NASA's X1 Robotic Exoskeleton For Astronauts

X1 is a robotic exoskeleton intended for use by astronauts. The device was developed by NASA using technology from Robonaut 2, its teleoperated space station robot.


(X1 exoskeleton from NASA)

The 57-pound, ten-degrees-of-freedom X1 exoskeleton is a joint venture between NASA and the Florida Institute for Human and Machine Cognition (IHMC) that you strap to the sides of both legs like a pair of giant, flexible splints and secure to your body with a harness that runs up the back and over the shoulders. NASA says it has four motorized joints at the hips and knees and six more motor-free that allow wearers to turn, step sideways or flex their feet.

The X1 suit owes a debt to Robonaut 2, the second-gen iteration of NASA “dexterous humanoid robot” project, a 330-pound automaton harboring a whopping 350 sensors and 38 PowerPC processors that’s capable of moving four times faster and with much greater dexterity than the original 410-pound Robonaut.

Get a closer look at the X1 exoskeleton in the following video.


(X1 exoskeleton video)

X1 is a ten degree of freedom robotic exoskeleton designed and built as a collaboration between the NASA Johnson Space Center and the Florida Institute for Human and Machine Cognition (IHMC).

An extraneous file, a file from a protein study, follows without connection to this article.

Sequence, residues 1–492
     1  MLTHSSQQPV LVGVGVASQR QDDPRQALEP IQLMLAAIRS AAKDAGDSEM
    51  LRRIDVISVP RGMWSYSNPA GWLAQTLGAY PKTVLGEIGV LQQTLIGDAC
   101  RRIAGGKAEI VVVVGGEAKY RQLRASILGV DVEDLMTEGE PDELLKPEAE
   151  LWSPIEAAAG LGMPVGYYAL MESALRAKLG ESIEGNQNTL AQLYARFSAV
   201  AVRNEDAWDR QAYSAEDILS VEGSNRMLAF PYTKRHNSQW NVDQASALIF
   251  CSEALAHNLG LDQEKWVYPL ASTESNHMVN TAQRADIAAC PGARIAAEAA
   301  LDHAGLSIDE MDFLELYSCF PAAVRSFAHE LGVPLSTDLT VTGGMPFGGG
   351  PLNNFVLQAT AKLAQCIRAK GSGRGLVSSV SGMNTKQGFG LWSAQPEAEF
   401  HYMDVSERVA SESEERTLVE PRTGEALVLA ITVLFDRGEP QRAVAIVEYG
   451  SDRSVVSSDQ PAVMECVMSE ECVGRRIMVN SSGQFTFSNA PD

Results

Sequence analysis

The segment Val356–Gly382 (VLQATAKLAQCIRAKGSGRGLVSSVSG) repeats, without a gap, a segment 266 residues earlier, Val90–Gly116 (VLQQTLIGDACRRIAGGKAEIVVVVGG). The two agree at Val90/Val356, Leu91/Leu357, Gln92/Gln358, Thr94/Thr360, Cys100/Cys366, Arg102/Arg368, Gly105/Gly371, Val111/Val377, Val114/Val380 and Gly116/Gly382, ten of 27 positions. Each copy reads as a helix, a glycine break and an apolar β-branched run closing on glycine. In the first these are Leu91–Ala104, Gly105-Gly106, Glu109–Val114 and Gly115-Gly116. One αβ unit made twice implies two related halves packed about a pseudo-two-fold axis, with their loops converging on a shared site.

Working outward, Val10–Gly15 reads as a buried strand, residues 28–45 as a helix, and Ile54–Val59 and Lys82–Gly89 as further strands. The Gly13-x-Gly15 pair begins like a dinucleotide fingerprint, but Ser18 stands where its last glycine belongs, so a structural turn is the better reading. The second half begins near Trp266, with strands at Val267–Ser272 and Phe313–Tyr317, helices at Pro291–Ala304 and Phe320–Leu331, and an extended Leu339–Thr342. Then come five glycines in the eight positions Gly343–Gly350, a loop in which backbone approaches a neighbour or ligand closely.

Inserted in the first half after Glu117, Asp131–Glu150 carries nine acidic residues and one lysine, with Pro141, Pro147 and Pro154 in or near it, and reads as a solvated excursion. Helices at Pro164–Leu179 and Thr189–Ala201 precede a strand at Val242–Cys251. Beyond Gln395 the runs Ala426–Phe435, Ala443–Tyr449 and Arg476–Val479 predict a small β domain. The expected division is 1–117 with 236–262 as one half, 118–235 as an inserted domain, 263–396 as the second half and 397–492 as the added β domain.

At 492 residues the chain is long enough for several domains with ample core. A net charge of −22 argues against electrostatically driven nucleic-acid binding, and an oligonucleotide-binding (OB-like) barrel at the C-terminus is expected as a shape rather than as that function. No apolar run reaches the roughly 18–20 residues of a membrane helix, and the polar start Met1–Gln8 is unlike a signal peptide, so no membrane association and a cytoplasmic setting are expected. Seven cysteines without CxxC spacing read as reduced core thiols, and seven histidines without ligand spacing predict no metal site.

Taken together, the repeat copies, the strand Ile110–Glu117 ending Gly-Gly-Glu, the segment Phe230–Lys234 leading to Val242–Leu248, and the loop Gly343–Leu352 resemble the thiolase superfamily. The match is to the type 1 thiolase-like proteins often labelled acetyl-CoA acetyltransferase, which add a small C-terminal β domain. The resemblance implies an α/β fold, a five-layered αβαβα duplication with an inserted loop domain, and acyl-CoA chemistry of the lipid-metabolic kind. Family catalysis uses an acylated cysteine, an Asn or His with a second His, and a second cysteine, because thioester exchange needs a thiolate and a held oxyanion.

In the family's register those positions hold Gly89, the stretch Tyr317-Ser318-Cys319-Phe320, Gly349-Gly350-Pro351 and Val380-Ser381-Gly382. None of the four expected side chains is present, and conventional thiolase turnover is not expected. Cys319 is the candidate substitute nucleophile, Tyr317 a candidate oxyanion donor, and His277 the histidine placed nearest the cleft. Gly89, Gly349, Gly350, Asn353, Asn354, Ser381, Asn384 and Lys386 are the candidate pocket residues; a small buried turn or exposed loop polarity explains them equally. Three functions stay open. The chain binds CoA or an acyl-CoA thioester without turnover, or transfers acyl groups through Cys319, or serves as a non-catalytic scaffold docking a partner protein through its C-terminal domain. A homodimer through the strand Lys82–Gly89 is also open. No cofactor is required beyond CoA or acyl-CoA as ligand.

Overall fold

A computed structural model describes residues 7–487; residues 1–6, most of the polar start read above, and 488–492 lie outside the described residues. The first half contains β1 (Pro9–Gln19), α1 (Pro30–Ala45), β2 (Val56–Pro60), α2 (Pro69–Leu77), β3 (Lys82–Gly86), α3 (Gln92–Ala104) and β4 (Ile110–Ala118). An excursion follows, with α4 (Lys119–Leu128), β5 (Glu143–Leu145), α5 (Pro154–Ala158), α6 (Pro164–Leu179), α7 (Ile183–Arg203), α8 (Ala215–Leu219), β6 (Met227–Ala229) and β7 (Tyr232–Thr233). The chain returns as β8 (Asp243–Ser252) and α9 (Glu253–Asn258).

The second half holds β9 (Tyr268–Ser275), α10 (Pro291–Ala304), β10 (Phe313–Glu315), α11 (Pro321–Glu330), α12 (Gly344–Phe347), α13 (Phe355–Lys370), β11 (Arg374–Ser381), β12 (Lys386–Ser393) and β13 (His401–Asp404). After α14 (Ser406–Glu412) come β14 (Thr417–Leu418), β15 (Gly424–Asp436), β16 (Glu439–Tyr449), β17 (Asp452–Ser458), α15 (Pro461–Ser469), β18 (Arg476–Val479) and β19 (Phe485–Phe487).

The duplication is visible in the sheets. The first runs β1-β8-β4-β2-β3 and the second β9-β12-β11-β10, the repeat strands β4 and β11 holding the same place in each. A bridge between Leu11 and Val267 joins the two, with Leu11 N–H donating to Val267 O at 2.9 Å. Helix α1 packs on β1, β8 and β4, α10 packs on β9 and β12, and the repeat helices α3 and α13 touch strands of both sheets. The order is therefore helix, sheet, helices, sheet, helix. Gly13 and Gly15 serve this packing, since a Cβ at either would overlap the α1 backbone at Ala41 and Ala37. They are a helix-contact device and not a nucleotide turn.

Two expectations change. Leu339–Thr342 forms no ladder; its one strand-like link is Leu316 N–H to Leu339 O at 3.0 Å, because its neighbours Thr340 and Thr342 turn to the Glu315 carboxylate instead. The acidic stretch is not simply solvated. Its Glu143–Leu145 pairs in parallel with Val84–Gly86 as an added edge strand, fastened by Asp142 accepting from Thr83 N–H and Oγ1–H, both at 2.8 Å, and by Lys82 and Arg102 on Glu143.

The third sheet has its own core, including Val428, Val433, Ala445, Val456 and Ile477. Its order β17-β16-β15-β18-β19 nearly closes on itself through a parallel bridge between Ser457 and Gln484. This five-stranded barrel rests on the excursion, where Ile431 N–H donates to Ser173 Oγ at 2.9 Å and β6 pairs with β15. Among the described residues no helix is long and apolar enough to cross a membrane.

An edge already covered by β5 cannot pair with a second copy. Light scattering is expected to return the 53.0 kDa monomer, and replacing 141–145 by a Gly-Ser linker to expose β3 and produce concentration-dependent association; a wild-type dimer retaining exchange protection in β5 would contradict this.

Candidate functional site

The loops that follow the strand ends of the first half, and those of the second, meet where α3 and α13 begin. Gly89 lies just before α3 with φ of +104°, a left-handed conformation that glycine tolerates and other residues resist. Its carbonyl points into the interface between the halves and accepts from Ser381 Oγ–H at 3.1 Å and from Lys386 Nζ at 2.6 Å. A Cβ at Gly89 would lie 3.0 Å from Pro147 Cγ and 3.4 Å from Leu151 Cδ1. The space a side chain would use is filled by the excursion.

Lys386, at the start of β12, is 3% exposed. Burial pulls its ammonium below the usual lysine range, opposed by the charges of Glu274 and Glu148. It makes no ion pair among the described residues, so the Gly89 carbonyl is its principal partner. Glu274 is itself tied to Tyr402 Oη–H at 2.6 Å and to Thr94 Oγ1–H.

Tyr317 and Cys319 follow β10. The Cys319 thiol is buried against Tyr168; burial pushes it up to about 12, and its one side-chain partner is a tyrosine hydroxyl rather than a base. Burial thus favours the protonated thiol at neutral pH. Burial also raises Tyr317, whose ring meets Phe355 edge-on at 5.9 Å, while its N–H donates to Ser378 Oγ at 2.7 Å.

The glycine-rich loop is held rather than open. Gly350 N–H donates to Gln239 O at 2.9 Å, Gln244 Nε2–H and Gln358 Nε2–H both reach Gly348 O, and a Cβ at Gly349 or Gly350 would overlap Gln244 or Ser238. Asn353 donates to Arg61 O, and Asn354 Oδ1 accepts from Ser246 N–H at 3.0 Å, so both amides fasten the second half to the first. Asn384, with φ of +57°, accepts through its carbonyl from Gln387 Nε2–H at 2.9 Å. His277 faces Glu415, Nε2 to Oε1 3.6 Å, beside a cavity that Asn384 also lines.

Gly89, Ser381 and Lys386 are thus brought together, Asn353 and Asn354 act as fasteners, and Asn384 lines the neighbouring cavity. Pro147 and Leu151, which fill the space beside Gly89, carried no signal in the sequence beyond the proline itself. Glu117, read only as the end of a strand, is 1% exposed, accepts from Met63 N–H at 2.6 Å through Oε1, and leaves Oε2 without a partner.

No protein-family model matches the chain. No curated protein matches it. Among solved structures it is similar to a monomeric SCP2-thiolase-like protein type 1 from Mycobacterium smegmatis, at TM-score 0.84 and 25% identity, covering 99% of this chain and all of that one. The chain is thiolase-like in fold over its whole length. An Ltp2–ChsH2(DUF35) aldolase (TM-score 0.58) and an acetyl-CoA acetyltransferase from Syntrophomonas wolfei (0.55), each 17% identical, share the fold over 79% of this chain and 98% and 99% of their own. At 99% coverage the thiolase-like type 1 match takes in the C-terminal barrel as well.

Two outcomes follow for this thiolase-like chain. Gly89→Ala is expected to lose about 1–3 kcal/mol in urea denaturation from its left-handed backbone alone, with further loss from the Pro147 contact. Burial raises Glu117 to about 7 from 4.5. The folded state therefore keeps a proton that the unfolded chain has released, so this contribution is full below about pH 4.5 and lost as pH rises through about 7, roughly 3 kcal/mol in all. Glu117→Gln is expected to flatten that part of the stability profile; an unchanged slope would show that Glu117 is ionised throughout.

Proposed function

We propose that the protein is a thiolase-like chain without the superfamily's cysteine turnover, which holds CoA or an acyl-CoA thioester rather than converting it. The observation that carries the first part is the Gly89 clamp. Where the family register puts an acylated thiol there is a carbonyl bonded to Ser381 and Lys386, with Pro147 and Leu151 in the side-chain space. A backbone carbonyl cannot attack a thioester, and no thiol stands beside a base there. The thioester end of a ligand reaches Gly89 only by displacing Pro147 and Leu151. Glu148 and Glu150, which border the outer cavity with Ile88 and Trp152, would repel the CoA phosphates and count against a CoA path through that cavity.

Like other exoskeletons on the market, the potential of X1 extends to other applications such as rehabilitation, gait modification and offloading large amounts of weight from the wearer. Preliminary studies by IHMC have shown the X1 to be more comfortable and easier to adjust and put on than their previous exoskeletons.

Science fiction writers evolved the idea of robotic exoskeletons from the needs of space explorers to stand up and move around in heavy gravity. In his 1932 classic A Conquest of Two Worlds, Edmond Hamilton described an early version of the exoskeleton idea:

The greatest difficulty, Crane saw, was Jupiter's gravitation... Earth's scientists solved the problem to some extent by devising rigid metallic clothing not unlike armor which would support the interior human structure against Jupiter's pull.
(Read more about rigid metallic clothing)

John W. Campbell extended this idea in his 1938 story The Brain Pirates, describing special lifting suits:

"We have those new suits rigged with atomic-powered lifting gadgets, so that'll protect us from the weight, if what our instruments say about that world's true..."

"I'll go check up on those suits and make some adjustments. I hadn't thought they'd have to handle any double-gravity worlds."

"... may I suggest that you make sure you don't get those drive-units in the suits backward? I'd hate to have them sit on me as well as a doubled gravity..."
(Read more about Campbell's atomic-powered lifting suits)

I'd also like to point out that I've turned comments back on and the contact form is also open.

Via Techland.

Scroll down for more stories in the same category. (Story submitted 10/15/2012)

Follow this kind of news @Technovelgy.

| Email | RSS | Blog It | Stumble | del.icio.us | Digg | Reddit |

Would you like to contribute a story tip? It's easy: